• Mix 1 tablespoon of liquid curd soap and 1 dash of spirit in 1 liter of soft water
  • Pour the solution into a hand sprayer
  • Spray on all parts of the plant every 2-3 days until no more lice can be found

Do not apply the remedy when the plant is under direct sunlight. The early morning hours are ideal for use.


Due to the high poison content, groundsel is usually spared from diseases. Only the fungal infection mildew can lead to health problems on the balcony during warm, humid days. In this case, environmentally conscious hobby gardeners always keep a small supply of fresh milk ready. Instead of treating the infected Senecio with a chemical fungicide, the plant is easily cured with this home remedy:

  • Mix fresh milk and soft water in a ratio of 1:9
  • Apply at intervals of 2-3 days with the spray bottle
  • Do not use the product in direct sunlight

Please note that only fresh milk is suitable for this purpose. In UHT milk, the active ingredients were killed off during the extreme heating. Moreover, this home remedy only has the desired effect in the early stages of infestation. Check the plant, which spends the summer outdoors, daily for the typical mealy-white patina on the shoots and leaves.

Similar groundsel houseplants

There are more than 1,200 species within the multifaceted plant genus, of which the following specimens make similar demands on care, such as Senecio barbertonicus ‘Himalaya’:

Senecio scaposus
Very similar in habit to the ‘Himalaya’ hybrid, this stemless groundsel species has silver-white, fleshy shoots that can grow up to 30 cm tall. Several tubular leaves grow from the individual stems, which bend slightly as they progress. In older plants, the silvery coating gradually peels off. The plants make up for this with a silvery-white bloom that rises above the foliage and shoots on long stalks in summer.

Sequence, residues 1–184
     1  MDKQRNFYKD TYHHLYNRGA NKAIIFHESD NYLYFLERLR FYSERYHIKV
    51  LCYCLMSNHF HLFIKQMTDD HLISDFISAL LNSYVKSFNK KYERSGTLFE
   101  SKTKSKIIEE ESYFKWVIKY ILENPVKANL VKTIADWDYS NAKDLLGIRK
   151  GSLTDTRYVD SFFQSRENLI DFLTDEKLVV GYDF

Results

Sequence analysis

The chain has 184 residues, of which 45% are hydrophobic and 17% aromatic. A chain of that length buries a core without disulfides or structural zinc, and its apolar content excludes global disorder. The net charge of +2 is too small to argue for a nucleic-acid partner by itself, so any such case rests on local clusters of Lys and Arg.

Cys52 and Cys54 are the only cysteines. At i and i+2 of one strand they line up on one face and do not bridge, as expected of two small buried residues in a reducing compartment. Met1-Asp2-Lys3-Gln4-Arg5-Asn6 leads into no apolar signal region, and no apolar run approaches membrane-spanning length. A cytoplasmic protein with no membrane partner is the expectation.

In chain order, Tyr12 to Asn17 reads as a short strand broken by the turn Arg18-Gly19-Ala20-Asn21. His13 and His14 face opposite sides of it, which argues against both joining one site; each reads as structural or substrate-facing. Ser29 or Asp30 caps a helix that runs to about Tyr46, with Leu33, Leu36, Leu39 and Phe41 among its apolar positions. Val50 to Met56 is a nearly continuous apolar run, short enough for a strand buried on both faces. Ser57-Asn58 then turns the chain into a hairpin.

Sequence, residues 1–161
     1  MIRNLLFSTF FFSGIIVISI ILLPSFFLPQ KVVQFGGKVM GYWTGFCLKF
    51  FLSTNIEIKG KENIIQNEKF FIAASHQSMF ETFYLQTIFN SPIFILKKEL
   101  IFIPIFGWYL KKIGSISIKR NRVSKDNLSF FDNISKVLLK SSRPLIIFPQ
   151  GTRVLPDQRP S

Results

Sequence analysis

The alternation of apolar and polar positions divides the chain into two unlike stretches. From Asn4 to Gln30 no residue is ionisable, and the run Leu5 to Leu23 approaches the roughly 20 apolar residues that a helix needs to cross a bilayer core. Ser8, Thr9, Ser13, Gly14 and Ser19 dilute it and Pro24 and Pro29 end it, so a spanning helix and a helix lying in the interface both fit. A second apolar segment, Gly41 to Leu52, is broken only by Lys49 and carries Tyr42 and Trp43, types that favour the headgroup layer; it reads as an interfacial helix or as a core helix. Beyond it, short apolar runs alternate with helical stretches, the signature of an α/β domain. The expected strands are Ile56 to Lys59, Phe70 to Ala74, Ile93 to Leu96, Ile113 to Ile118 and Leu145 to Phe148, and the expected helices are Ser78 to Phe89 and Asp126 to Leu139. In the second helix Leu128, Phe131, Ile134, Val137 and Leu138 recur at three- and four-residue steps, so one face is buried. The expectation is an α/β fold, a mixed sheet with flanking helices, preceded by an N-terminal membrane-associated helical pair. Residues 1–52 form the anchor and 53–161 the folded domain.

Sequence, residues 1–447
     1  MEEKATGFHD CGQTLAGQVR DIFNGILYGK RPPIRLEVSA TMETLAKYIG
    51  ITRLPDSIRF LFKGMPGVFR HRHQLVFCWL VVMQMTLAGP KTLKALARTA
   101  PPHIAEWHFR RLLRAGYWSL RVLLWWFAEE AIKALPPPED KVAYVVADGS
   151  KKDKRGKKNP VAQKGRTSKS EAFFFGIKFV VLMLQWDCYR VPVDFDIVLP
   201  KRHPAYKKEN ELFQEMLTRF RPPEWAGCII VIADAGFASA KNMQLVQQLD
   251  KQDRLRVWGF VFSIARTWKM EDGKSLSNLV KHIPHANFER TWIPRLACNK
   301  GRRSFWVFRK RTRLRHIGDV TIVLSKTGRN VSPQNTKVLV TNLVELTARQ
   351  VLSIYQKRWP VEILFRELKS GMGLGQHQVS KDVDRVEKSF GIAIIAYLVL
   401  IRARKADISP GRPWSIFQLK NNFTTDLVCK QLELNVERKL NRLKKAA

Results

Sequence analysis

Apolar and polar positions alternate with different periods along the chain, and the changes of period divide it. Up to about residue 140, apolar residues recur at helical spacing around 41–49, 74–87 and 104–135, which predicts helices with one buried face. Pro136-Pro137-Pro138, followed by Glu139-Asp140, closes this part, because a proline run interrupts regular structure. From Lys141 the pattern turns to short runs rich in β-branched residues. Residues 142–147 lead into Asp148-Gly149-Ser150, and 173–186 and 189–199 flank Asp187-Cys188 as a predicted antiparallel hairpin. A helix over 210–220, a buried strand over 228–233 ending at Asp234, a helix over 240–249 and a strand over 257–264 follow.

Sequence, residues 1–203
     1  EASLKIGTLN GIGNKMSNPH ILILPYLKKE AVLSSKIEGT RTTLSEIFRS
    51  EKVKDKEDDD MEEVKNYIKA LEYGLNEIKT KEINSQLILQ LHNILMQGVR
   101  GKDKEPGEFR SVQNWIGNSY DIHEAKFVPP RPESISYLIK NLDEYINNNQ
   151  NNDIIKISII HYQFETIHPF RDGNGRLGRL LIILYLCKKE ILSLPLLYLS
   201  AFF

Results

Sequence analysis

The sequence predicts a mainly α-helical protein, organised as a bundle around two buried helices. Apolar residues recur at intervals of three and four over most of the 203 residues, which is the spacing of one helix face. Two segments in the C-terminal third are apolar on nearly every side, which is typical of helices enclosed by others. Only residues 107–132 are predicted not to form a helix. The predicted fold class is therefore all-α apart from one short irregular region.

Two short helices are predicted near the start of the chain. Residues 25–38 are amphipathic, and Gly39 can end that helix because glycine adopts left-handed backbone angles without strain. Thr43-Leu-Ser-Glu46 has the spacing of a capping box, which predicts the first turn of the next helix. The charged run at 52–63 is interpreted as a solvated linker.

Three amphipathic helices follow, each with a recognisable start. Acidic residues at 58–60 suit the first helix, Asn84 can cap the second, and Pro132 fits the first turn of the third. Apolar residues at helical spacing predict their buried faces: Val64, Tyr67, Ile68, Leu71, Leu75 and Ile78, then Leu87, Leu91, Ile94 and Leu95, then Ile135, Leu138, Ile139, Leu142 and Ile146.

Senecio articulatus
If you don’t like the needle-like leaves and would like to cultivate a slightly larger groundsel as a houseplant, Senecio articulatus is a good choice. Waxy limbs with non-succulent leaves thrive on the short, thick-fleshed stems. A well-established plant will present a dainty, yellow-white flower in fall.

Senecio haworthii
The outstanding attribute of this ragweed beauty are the medium-green stems and leaves, which shine in pure white thanks to their dense hairs. With a growth height of 20 to 45 cm, this species is also ideal for indoor plants. However, the Senecio haworthii is site-loyal and reacts to a sudden change by dropping leaves.

Senecio herreianus If you
are looking for a hanging groundsel, you will find it in this charming species. The filigree shoots are lavishly covered with succulent, medium-green leaves. Older plants surprise with an orange blossom in summer.

Senecio rowleyanus
As a trivial name, creative gardeners gave this groundsel species the apt name ‘peas on a string’. Along the creeping or hanging shoots, countless spherical leaves and delicate green thrive. Since the tendrils can reach a length of up to 100 cm, this plant enables the realization of imaginative design ideas.

With the groundsel Senecio barbertonicus ‘Himalaya’, you cultivate an exotic houseplant, beyond established conventions. Due to its high poison content, the plant is not suitable for cultivation in a family household with small children and pets.